Inside EVs is almost finished posting the tallies for December U.S. EV sales, which in turn give us the year-end volumes. The numbers are solid, representing a strong reversal of last year’s slight decline. 2014 stood at 122,438, and 2015 backslid to 116,099. 2016 already shows just under 155,000 sales with Ford and BWM (together they will easily yield another 3-5000) numbers still outstanding. And then there are the EV ‘losers’ such as the Volvo CX90 and Kia Soul (which between them can’t seem to muster 400 sales in any given month), which will add a few hundred more.
Not surprisingly, Tesla had another strong annual first place showing with the Model S up from 25,200 to 29,400. Its Model X placed a strong 4th at 18,200 and well ahead of the languishing Leaf. From a first place peak of 30,200 in 2014, the Leaf fell to under 17,300 last year and declined further still to 14,000. Perhaps the lesson is that Leafs do fall. They certainly will continue to do so if the best Nissan can muster is a modest range gain from 84 to 107 miles, while the rest of the EV pack accelerates (quietly) by.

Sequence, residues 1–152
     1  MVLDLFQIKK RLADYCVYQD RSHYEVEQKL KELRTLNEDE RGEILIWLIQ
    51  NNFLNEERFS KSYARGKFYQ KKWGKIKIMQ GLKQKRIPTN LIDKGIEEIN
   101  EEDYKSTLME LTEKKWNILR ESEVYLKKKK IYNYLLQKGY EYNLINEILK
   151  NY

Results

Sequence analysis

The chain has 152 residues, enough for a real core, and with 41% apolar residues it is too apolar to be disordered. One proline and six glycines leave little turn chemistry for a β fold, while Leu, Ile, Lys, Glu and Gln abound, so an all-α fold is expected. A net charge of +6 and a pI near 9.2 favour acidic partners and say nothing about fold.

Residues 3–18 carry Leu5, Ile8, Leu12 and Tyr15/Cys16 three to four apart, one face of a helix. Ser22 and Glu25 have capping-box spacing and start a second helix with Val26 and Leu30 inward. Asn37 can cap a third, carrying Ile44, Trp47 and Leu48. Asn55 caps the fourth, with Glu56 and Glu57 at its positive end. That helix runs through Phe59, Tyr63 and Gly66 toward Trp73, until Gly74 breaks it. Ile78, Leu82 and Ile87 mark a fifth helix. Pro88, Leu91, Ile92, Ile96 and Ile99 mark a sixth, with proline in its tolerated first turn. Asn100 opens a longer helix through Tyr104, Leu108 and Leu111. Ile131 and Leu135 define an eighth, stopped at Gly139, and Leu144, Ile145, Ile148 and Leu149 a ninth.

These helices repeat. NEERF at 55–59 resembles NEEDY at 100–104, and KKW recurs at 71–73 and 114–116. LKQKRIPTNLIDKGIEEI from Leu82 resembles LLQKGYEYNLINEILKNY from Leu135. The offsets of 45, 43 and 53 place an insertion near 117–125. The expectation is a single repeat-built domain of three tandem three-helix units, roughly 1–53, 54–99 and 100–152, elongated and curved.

With its back-up gas tank, the plug-in hybrid Chevy’s Volt is not encumbered by range, and made strong headway, clambering up to from third place (almost 15,400 in 2015) to second place (over 24,700). Ford Fusion Energi made real gains from 9,750 to almost 15,000. That’s the first Ford model to smash the 10,000 car ceiling.
AND…drum roll…579 Bolts bolted off the lot and theoretically could have gone 238 miles before running out of juice. The Bolt sales numbers will bear watching in about two or three months.
Across the planet, Inside EVs reports over 664,000 electric vehicles sold which compares rather poorly to an estimated 88.7 million internal combustion cars sold globally in 2015. In the U.S., those 155,000 EVs are still a pittance compared with 2015 light vehicle sales exceeding 17 million. But, one’s gotta start somewhere and 2016 was a solid showing.
Bloomberg NewEnergy Finance projects a rosy future for electric vehicles, as battery costs decline and cost of ownership falls below that of conventional vehicles by 2025. By 2040, they foresee EVs grabbing 35% market share. With global numbers doubled between 2014 and 2016 (approximately 321,000 to 664,000), the trend-line is moving in the right direction. A couple more doublings and the market will be looking pretty solid indeed.